back to normal :: after a summer of having to go out of my way, my closest metro station finally reopened this week. in point of fact, there's another station nearby, but the stm really didn't do a great job of getting around the inconvenience, instituting a shuttle service that only went in one direction and that didn't even take people directly to the next station on the line. so it wasn't terribly inconvenient, but it's still nice to have things back the way they were. you can actually see me give a very brief "person on the street" comment to my local news here [select "september 6th newscast; story starts shortly before the six minute mark]. i'd like to point out that i was in the process of saying that i hadn't found it all that bad over the summer, but i guess that didn't really fit with their story.

i have to admit that i missed both the republican debate [i was at the caustic lounge, which was undoubtedly more fun] and obama's job speech [i know he can speak well, i don't need to have that confirmed], so i'm a little out of the loop on my politics this week. i likewise skipped watching prime minister stephen harper's interview on national security, although i did see some of the "highlights", including his plans to reintroduce more extreme [and, as anyone in the business of shipping or logistics will tell you, useless] measures that he was forced to phase out when he was in a minority situation. so looks like that spiffy new passport is going to give me new opportunities to stand in lines and have unskilled workers confiscate my body butter.

i don't want to end on a down note, though, so here's something that should make you feel better. whenever anyone asks me how i ended up with five cats, i'm going to show them this picture. they were just that irresistible...


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losers?

just a short time ago, i waxed prosaic about trump supporters who felt betrayed by their candidate pursuing in office the exact things that he said he would. short version: i have no sympathy.

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trump also said, repeatedly, that america needed to invest heavily …

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after the united states election last year, there were the usual calls for the country to unite behind the new president. that never happens anymore, because, since george w. bush scored a victory in 2004, having launched the country into a war in iraq for no reason, the people on the losing side of a presidential election have been pretty bloody angry about it. democrats hated bush 43. republicans really hated obama. democrats really hate trump.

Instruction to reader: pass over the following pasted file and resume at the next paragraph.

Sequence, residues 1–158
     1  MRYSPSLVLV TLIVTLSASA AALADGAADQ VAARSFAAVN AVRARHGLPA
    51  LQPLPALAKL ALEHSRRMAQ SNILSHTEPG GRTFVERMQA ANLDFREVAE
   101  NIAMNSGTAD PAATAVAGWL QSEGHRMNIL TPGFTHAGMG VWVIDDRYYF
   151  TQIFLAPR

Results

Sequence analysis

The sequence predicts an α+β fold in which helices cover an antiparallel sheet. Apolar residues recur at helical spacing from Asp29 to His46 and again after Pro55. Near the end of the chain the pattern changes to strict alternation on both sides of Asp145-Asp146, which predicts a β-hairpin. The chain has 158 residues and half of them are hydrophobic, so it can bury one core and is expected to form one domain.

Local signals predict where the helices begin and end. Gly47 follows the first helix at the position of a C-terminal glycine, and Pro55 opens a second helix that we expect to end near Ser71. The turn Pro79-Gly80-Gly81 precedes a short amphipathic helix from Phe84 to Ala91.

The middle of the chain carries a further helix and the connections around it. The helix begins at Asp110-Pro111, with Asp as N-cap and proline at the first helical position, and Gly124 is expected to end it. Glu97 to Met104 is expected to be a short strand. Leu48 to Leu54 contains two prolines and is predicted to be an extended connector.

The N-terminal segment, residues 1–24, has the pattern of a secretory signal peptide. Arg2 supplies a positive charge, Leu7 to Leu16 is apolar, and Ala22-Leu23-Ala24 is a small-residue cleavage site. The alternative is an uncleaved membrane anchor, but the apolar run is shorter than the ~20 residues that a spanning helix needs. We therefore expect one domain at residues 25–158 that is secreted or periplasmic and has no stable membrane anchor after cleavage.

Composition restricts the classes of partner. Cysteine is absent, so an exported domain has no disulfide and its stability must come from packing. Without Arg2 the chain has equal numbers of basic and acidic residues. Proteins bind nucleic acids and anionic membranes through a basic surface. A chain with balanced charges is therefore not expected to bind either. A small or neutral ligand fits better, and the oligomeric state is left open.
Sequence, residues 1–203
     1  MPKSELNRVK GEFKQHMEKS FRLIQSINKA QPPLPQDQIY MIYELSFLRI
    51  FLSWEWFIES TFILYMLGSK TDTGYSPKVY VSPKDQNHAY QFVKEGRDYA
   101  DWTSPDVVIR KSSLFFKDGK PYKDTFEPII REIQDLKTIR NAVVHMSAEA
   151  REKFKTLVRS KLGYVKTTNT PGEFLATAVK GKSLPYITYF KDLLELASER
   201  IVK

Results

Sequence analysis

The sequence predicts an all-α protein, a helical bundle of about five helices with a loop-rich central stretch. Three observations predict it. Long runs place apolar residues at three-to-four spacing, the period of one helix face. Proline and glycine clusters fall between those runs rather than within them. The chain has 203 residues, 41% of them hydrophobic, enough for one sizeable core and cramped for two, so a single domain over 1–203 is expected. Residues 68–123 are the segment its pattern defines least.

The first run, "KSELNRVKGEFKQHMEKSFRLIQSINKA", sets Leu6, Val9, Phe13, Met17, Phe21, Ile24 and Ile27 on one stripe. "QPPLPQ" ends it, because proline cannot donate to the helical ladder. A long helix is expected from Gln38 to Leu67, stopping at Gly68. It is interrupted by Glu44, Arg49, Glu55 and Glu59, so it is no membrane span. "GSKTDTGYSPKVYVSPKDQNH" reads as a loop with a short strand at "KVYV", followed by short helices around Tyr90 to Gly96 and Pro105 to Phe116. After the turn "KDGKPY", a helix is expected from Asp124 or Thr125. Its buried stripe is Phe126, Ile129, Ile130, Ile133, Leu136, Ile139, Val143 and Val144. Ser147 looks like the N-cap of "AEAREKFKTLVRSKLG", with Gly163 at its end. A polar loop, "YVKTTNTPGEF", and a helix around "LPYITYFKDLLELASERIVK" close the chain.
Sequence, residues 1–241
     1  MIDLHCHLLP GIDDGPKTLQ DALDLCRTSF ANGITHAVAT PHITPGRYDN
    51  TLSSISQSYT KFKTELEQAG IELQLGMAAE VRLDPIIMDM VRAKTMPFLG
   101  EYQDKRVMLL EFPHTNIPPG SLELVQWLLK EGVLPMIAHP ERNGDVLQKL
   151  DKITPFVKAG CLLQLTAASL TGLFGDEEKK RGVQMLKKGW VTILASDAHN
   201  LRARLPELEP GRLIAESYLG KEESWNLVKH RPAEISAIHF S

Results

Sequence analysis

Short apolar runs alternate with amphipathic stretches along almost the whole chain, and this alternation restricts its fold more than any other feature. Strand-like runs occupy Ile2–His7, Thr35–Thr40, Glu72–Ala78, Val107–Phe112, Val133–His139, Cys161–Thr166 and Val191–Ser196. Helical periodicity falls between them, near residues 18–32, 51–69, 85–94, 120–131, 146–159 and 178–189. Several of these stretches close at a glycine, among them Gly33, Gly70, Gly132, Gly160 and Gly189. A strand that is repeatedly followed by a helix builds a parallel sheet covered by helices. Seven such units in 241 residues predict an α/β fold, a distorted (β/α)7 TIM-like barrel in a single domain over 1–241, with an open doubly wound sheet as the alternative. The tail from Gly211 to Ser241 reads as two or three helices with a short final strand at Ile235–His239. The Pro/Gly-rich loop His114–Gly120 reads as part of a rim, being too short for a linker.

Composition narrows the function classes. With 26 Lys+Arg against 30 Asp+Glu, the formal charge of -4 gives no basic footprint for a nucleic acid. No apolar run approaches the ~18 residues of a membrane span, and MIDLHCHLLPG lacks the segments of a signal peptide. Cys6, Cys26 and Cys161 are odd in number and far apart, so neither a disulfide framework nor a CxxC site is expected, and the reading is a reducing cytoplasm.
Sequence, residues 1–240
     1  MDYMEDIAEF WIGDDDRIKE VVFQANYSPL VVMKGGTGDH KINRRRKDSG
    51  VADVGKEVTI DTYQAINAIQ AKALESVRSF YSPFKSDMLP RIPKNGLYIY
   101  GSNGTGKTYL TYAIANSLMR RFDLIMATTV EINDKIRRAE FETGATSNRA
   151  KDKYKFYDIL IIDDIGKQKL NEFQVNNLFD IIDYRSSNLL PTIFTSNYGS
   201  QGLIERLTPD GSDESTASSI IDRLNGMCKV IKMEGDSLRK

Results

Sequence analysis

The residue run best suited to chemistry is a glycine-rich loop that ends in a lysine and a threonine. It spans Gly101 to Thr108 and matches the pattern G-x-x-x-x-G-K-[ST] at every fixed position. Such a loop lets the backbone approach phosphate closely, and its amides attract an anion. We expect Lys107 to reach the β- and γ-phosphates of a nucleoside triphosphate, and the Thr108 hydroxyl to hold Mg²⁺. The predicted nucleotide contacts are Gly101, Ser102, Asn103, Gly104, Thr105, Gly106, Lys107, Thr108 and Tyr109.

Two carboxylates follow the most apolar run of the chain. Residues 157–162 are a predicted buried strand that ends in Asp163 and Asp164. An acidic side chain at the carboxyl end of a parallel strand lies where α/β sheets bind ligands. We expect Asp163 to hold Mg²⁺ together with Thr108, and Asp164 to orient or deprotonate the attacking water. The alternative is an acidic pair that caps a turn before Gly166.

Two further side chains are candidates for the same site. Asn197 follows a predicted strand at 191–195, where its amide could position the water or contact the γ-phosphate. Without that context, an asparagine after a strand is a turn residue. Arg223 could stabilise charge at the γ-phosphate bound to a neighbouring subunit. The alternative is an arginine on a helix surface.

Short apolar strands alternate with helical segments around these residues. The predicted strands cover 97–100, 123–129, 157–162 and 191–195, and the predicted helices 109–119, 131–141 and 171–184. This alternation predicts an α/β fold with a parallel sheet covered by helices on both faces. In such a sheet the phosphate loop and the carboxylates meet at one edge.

it didn't help that trump didn't make the typical conciliatory gestures like including a couple of members of the opposite party in his cabinet, or encouraging his party to proceed slowly with contentious legislation. barack obama arguably wasted at least two and as many as six years of his tenure as president trying to play peacemaker before he felt sufficiently safe to just say "screw you guys" and start governing around the ridiculous congress he was forced to deal with. not-giving-a-shit obama was the best president in …

don't speak

you might think that it sounds dramatic, but linguistic genocide is something that happens. people in power will go to great lengths to eradicate certain languages, not just for the sheer joy of making the world a lesser place, but as a way of beating down the culture that's associated with it. language has a unique reciprocal bond with culture, and every group that has attempted to break down another has recognised that forbidding a cultural group from communicating in their own language is an extremely effective way to tear apart their culture.

there are lots [and lots and lots and lots] of examples of this sort of thing, some successful, some not, but far too many to cover in one blog post. however, i thought it was worth looking at some languages that have been the subjects of active repression, and what the political consequences of that have been.

devastation :: the native north american languages :: it should come as no surprise that the largest genocide in history [by a ma…